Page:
Faces are complex stimuli that can be described via intuitive facial features like the eyes, nose, and mouth, "configural" features like the distances between facial landmarks, and features that correspond to computations performed in the early visual system (e.g., oriented edges). With regard to this latter category of descriptors, adult face recognition relies disproportionately on information in specific spatial frequency and orientation bands: many recognition tasks are performed more accurately when adults have access to mid-range spatial frequencies (8-16 cycles/face) and horizontal orientations (Dakin and Watt, 2009). In the current study, we examined how this information bias develops in middle childhood. We recruited children between the ages of 5-10 years-old to participate in a simple categorization task that required them to label images according to whether they depicted a face or a house. Critically, children were presented with face and house images comprised either of primarily horizontal orientation energy, primarily vertical orientation energy, or both horizontal and vertical orientation energy. We predicted that any bias favoring horizontal information over vertical should be more evident in faces than in houses, and also that older children would be more likely to show such a bias than younger children. We designed our categorization task to be sufficiently easy that children would perform at near-ceiling accuracy levels, but with variation in response times that would reflect how they rely on different orientations as a function of age and object category. We found that horizontal bias for face detection (but not house detection) correlated significantly with age, suggesting an emergent category-specific bias for horizontal orientation energy that develops during middle childhood. These results thus suggest that the tuning of high-level recognition to specific low-level visual features takes place over several years of visual development.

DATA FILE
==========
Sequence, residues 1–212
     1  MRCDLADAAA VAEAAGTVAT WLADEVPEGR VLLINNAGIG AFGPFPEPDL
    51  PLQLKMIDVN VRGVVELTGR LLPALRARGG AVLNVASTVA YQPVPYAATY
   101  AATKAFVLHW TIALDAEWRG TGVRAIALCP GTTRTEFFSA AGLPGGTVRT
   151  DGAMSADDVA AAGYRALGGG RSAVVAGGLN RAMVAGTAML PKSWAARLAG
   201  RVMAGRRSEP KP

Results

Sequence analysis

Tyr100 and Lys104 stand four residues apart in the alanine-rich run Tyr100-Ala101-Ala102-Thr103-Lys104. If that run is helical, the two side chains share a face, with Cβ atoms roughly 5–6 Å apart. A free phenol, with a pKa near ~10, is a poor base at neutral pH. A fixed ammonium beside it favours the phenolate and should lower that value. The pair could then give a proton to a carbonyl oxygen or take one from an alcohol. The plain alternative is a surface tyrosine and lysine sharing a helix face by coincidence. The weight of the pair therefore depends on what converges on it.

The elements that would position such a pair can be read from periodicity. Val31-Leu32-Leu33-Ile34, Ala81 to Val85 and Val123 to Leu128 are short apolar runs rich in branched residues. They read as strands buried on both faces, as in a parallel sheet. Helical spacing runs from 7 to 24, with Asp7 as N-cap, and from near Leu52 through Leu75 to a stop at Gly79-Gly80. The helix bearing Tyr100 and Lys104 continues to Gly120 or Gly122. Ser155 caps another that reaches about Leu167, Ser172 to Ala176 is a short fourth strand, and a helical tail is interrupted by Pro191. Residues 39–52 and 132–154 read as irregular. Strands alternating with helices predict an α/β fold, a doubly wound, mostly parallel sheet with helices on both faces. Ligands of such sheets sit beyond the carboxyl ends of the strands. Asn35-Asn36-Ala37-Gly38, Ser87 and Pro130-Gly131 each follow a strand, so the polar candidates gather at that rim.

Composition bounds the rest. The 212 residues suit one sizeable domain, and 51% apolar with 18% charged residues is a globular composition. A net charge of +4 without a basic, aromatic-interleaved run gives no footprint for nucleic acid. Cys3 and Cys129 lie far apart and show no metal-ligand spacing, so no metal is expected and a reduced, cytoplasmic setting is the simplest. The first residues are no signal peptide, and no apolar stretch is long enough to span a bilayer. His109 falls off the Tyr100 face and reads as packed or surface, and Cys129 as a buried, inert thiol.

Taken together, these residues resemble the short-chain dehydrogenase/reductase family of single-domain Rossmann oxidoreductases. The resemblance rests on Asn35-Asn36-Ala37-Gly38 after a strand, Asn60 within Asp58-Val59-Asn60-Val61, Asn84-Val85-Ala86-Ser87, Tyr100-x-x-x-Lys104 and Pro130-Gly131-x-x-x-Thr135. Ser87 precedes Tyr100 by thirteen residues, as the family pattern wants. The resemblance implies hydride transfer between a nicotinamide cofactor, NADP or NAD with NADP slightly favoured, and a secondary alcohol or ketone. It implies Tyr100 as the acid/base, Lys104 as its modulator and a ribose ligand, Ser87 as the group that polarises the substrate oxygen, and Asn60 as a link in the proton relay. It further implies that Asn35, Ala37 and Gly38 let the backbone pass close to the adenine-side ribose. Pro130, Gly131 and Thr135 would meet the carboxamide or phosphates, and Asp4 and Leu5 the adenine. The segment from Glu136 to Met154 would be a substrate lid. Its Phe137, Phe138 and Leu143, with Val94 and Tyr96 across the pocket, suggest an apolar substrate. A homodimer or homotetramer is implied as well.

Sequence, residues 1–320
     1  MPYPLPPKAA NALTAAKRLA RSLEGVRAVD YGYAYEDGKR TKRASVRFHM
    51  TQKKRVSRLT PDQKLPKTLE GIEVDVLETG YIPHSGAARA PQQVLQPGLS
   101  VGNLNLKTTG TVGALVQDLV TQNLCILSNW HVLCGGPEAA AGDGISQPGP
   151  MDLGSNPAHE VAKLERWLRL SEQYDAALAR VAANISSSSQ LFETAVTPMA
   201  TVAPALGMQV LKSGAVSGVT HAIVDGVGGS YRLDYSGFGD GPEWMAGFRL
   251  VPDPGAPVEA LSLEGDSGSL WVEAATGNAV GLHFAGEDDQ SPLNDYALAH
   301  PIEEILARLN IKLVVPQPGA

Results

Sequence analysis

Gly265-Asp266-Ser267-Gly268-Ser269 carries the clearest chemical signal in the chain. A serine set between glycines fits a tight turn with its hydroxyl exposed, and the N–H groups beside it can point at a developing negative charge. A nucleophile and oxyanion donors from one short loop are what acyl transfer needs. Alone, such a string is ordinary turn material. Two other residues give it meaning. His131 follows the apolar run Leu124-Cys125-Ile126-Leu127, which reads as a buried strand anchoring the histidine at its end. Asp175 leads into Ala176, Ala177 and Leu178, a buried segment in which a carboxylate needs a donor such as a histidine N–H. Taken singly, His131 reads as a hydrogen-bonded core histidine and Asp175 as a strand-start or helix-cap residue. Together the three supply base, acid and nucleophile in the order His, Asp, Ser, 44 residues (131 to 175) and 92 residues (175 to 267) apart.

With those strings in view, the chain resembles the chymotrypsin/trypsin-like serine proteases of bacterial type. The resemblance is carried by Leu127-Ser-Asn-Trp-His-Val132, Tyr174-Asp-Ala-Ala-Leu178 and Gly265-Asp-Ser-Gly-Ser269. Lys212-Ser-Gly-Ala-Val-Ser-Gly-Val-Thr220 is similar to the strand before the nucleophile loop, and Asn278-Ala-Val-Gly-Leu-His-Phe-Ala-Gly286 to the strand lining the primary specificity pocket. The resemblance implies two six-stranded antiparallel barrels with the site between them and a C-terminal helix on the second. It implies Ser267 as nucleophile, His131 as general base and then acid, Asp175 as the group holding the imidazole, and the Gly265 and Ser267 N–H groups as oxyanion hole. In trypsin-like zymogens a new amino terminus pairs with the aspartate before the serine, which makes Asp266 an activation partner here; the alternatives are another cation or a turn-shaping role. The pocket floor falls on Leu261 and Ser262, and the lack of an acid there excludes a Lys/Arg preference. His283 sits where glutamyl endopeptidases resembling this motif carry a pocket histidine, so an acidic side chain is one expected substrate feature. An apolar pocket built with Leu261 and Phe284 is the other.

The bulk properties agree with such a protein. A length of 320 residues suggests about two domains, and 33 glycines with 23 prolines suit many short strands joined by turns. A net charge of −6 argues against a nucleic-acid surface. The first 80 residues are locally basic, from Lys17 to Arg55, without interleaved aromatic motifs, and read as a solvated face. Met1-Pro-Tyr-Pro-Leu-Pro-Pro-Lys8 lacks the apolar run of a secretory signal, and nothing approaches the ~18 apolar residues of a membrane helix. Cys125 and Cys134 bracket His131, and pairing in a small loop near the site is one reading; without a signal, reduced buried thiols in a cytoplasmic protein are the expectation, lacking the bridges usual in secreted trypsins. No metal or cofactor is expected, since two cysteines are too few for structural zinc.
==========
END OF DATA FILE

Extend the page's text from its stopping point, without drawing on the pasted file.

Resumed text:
No MeSH data available.